If the IRS audits you and finds you underpaid your taxes, the taxes themselves (along with any penalties and fees) don’t immediately impact your credit score, but how you pay that debt can cause those numbers to drop. How much you owe and how you choose to pay both impact your ability to borrow money in the future. Though the good news is that, as much as IRS debt takes priority, IRS may be more willing to work with you than other creditors, so if you make payments in a timely manner, you can protect your financial reputation.
IRS Payment Plans
People often work out an installment agreement with the IRS. If you do, the amount you owe doesn’t go on your credit. As long as you make payments as agreed, it won’t affect your credit like a loan or credit card might.
How Tax Debt Can Affect Credit
If you can’t pay your bill, especially if your total is more than $10,000, the IRS may issue a tax lien, which gives the government a claim against your house, your vehicles and anything else you own. Therefore, you won’t be able to sell any of those items until you pay your debt in full.
Beyond effectively freezing your assets, a tax lien negatively impacts your credit and can stay on your report for up to seven years—even if you pay off your liability.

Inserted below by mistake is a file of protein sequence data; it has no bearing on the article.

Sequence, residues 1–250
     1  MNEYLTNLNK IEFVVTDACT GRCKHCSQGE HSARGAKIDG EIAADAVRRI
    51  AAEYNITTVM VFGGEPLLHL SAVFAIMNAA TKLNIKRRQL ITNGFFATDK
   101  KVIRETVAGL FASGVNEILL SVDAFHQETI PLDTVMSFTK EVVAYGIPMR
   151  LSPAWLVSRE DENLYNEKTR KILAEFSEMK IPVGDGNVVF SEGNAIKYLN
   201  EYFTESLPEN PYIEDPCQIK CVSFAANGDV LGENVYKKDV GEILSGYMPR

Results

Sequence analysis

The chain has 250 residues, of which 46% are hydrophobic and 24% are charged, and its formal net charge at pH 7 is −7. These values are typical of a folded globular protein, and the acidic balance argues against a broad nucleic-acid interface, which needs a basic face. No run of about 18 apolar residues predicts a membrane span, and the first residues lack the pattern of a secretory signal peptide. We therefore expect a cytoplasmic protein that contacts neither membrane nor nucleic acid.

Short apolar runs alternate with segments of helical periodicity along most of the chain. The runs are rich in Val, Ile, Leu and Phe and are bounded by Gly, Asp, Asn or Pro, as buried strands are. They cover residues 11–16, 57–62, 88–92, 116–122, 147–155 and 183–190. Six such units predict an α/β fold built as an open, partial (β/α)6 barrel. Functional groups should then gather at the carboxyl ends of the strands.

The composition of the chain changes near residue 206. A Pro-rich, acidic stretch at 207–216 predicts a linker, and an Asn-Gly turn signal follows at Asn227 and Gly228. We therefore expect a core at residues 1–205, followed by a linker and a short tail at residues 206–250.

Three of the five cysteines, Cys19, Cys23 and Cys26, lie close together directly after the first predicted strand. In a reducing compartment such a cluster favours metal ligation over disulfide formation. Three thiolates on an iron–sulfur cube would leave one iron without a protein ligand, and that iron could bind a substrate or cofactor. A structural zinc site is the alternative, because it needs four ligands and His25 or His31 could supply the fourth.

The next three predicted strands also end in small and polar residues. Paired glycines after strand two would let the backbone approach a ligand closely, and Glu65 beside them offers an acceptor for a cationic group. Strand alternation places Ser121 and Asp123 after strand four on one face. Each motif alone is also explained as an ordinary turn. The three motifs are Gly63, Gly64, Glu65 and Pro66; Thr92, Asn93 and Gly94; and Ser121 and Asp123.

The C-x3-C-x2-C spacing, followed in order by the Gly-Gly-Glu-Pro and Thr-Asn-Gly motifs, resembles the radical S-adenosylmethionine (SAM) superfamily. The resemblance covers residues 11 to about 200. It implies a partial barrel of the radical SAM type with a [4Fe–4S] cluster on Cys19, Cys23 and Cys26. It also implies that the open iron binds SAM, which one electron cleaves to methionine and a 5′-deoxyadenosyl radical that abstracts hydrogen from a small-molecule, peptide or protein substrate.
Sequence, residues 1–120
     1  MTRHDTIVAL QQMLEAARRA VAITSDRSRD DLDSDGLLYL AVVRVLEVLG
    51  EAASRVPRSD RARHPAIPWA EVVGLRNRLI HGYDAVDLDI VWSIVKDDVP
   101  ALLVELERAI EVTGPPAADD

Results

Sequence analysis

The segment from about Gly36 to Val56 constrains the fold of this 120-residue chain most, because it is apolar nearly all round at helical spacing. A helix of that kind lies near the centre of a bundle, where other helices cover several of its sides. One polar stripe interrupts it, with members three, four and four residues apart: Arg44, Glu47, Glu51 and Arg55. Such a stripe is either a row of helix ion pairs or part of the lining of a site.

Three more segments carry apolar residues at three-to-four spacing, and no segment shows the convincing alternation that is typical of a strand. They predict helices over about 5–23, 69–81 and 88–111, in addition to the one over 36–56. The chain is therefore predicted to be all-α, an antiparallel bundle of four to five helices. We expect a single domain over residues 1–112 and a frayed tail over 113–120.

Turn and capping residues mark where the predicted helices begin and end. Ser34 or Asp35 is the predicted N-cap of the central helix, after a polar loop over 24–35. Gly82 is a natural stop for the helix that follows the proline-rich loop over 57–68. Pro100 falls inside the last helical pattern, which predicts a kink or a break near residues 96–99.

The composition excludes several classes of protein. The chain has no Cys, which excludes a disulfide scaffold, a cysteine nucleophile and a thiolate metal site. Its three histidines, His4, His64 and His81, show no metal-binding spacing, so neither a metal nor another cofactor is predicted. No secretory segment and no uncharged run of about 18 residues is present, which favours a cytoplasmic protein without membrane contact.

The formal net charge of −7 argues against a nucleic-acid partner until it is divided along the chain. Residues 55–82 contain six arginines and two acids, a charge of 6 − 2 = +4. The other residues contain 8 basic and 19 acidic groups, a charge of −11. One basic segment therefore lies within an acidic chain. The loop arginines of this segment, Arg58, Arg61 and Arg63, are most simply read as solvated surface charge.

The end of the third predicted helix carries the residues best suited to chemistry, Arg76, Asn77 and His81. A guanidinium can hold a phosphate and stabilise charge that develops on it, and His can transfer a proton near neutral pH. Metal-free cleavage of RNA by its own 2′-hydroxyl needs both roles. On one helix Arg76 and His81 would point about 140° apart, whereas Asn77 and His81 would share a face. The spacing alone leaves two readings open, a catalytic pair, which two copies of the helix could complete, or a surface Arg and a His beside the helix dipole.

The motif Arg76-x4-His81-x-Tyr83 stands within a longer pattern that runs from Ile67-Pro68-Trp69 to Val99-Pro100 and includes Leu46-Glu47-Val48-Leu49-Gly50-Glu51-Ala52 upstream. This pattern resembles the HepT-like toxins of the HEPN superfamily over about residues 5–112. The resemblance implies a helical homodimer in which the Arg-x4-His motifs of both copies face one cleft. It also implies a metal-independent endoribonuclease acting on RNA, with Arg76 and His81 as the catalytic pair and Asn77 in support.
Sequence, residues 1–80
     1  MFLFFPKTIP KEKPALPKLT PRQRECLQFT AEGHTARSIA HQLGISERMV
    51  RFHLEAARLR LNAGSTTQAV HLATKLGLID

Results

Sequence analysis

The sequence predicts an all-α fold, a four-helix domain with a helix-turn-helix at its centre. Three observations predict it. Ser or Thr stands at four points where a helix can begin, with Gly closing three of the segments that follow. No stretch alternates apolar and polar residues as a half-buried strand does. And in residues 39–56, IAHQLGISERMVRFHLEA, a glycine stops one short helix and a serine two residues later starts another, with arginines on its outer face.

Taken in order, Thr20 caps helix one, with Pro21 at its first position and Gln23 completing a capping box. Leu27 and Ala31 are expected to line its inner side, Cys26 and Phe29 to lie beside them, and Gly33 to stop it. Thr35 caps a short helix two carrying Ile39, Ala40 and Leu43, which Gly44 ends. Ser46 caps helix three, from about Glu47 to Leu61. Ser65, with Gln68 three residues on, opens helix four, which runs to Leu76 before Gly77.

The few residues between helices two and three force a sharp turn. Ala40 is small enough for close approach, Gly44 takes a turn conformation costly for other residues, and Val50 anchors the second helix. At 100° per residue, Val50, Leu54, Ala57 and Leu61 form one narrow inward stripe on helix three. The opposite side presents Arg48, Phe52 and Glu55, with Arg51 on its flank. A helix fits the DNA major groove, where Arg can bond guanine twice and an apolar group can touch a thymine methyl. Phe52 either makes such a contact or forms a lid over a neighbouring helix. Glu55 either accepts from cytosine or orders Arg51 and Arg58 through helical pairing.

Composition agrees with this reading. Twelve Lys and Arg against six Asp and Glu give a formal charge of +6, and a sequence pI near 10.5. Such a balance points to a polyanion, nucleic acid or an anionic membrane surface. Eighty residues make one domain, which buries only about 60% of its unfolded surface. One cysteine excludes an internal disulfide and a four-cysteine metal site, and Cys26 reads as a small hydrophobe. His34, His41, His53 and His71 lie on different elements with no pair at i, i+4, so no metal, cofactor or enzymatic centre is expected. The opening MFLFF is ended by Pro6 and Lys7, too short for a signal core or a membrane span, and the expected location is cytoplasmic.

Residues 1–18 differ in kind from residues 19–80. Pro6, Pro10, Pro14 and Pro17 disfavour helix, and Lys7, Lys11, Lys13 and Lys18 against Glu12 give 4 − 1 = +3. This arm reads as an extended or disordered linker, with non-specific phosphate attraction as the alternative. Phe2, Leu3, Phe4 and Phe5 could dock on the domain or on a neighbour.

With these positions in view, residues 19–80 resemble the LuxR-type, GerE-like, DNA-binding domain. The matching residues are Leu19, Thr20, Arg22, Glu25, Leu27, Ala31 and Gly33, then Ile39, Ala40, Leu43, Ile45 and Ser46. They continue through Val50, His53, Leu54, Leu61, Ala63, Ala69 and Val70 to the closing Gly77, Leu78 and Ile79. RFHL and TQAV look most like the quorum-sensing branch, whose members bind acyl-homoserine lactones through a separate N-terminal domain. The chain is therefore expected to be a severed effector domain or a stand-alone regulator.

Furthermore, people sometimes choose to file for bankruptcy when they find themselves struggling under a mountain of tax debt, but that, too, affects credit, for between seven and ten years.
Personal Loans and Credit Cards
If you end up with a tax bill that’s larger than you expect and you decide you need a personal or business loan to make payments, this is an indirect way that the IRS debt can affect your credit: The amount you borrow will affect your debt-to-income ratio and that can lower your credit score.
Similarly, if you have a high limit on your credit card or line of credit, you might choose to use that credit to pay off your bill. However, when you owe close to the maximum amount you qualify for, it may affect your ability to qualify for a home mortgage or auto loan.
What You Can Do
If you find yourself facing a large tax debt, it’s always best to contact a professional. They can help you face the IRS and resolve the debt while protecting your credit and your finances.
If you’re dealing with an IRS audit or an IRS tax bill, Highland Tax Group can help: Contact us to receive expert advice today.